Bird of the week was an easy call this week, albeit one that was not really anticipated. An adult White-throated Sparrow at Flamborough Head (East Yorkshire) was a surprise find. It has not been a classic autumn, and it has certainly been a poor one for Nearctic passerines, so one at an east coast location might come as a bit of a surprise. Presumably this bird has been ship-assisted into the North Sea and has either jumped ship at sea, or made landfall on the continent and got caught up in a short movement of birds across the North Sea. However it got here, it has certainly been a popular, although elusive, find. It is the first to be collectable on the mainland since a long-stayer in Lincolnshire from December 1992 to March 1993. There have been just 22 accepted records of this attractive species with most, as would be expected, in the spring, and this is the second for Yorkshire.
There was also quite an arrival of Dark-throated Thrushes during the week: at least four black-throated birds including a well-watched bird on Scilly (see http://www.birdguides.com/birdnews/article.asp?a=198) and a tantalising Red-throated Thrush seen briefly in East Yorkshire. This is one of the few sibes that inland birders might realistically have a hope of finding - scan those Redwing flocks diligently this autumn and winter! Also on Scilly, there was an Red-throated Pipits and an Olive-backed Pipit on the islands and Citrine Wagtails were still present early in the week.
After an orange-billed tern frenzy this summer, it was interesting to note yet another (or one of the same?) was found in Co. Kerry. As with the others, this bird was considered to be either an Elegant Tern or Lesser Crested Tern - once the dust has settled on this summer's records there is no doubt that it will prove to have been an educational year for most of us. Surely after the problems of this year, a review of past records would seem appropriate? Also in Co. Kerry a Forster's Tern was present early in the week.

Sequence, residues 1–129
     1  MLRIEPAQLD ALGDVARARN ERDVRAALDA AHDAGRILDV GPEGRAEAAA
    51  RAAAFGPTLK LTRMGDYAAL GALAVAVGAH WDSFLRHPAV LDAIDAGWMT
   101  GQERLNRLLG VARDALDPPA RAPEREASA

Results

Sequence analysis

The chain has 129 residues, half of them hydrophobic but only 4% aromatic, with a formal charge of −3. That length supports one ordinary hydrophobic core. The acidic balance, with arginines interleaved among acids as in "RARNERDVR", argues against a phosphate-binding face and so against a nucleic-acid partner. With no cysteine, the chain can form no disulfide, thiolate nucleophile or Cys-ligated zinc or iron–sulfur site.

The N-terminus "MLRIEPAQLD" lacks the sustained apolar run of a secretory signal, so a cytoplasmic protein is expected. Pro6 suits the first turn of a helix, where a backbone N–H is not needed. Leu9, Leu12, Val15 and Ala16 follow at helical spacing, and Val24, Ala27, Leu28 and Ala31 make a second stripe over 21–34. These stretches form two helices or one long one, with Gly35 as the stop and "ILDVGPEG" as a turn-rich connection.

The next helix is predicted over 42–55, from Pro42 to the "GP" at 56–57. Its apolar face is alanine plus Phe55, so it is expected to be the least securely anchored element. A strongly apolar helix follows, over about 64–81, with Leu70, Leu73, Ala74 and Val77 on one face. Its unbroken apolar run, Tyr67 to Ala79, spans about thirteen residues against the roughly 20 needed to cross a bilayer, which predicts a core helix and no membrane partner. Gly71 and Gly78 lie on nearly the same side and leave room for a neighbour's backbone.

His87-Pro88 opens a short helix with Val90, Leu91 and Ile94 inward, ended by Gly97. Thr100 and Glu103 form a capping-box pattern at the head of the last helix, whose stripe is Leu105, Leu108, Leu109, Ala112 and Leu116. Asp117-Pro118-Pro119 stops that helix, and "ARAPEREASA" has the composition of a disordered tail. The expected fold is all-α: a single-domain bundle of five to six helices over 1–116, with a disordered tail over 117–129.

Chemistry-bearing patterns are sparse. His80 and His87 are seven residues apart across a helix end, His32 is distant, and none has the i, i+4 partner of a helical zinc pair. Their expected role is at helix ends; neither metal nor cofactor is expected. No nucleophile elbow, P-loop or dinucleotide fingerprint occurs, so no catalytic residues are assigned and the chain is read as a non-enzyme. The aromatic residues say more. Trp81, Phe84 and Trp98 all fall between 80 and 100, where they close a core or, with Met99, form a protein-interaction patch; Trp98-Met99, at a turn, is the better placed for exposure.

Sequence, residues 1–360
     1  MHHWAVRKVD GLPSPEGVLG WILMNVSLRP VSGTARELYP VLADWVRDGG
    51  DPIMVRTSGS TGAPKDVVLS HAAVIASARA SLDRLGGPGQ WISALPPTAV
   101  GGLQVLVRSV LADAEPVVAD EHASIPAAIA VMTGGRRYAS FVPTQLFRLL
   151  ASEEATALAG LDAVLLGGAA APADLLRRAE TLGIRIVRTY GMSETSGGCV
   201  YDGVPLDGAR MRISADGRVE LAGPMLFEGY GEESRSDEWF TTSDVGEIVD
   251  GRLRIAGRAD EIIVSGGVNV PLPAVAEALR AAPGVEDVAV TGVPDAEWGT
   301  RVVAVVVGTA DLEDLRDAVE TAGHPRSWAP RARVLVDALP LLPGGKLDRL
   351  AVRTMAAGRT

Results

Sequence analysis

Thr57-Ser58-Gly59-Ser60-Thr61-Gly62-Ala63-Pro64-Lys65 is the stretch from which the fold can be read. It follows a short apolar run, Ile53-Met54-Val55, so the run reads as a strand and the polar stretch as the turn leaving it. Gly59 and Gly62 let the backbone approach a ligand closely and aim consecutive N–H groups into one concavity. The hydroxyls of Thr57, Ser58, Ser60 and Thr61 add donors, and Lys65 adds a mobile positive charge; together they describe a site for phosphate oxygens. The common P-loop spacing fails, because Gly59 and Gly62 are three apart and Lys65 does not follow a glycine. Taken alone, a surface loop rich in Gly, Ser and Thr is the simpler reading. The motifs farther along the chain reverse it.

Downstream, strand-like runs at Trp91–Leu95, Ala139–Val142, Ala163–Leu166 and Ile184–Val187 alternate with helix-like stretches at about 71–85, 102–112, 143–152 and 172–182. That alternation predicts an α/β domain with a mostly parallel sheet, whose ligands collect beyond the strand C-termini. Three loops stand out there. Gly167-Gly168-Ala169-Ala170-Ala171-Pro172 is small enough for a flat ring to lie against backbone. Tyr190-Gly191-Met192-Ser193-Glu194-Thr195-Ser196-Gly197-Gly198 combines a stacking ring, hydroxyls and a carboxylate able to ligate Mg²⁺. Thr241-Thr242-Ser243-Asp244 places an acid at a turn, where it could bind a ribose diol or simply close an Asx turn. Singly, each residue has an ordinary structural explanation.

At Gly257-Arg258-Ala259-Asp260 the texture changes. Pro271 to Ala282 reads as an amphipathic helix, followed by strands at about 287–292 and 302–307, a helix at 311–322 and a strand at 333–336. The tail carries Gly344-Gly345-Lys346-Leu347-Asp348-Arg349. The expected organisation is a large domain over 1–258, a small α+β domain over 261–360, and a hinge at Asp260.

Elsewhere, a Lanceolated Warbler was on Fair Isle, four Olive-backed Pipits and four Red-throated Pipits were seen during the week on offshore islands, and an Arctic Warbler was in Cornwall, where a controversial Acrocephalus was thought to be a Caspian Reed Warbler. Two Penduline Tits were typically brief in Kent, an Icterine Warbler was a late find in Co. Wexford and a Rustic Bunting was on Cape Clear. Just two Little Buntings were reported, with birds in East Yorkshire and Shetland, and the Pied Wheatear was still present early in the week on North Ronaldsay. A modest tally of seven Pallas's Warblers were seen during the week, including a rare west coast record. Of the scarcer species there were at least 26 Yellow-browed Warblers, 15 Barred Warblers, eight Red-breasted Flycatchers, five Wrynecks, 10 Richard's Pipits and a couple each of Bluethroat and Common Rosefinch. Several Red-backed Shrikes were noted and at least 17 Great Grey Shrikes, many of the latter at inland locations following the main arrival a couple of weeks ago. Harbingers of winter in the north included half a dozen Waxwings and three Arctic Redpolls, whilst in the southwest contrast was provided by two Serins and two Red-rumped Swallows. Other noteworthy records during the week included two Quails and a Corncrake, and a Crested Tit at a feeder in Argyll was a superb record. Just over a dozen Rosy Starlings were pleasant reminders of the superb influx during the summer, though most were in the southwest.
White-billed Divers were reported past the northeast coast, with another in Shetland, a Red-breasted Goose was back on Islay and several Surf Scoters included an excellent inland drake in Lancashire. Of the rarer seaducks this is probably the prize for an inland patch-watcher. Rough-legged Buzzards reached almost double figures, with three together in Suffolk and two more in Kent. Hopefully it might be a good winter for this fantastic raptor. Rare waders lingered in a number of places, and Lesser Yellowlegs were in Wexford, Cheshire and Hertfordshire, with Long-billed Dowitcher in Cork, Pacific Golden Plover on the Outer Hebrides, American Golden Plover on Cape Clear and a White-rumped Sandpiper in Dublin. A Temminck's Stint remained in Somerset and Spotted Sandpipers were in Derbyshire and Scilly. A Red-necked Phalarope was in Essex, with a Grey Phalarope at the same site, and inland Grey Phalaropes were in Leicestershire and Worcestershire, plus several coastal birds. A late White-winged Black Tern lingered in Norfolk. A mouthwatering list of possibles during the week included Yellow-browed Bunting, Red-flanked Bluetail and a Grey-cheeked Thrush!
The prospects for the next few days look bleak for sibe lovers, though perhaps the late date might facilitate a fortuitous find somewhere. We're moving into Hume's Warbler and rare wheatear time, so perhaps there is a long shot there. A blast of west and southwesterlies might give hope to those in the west...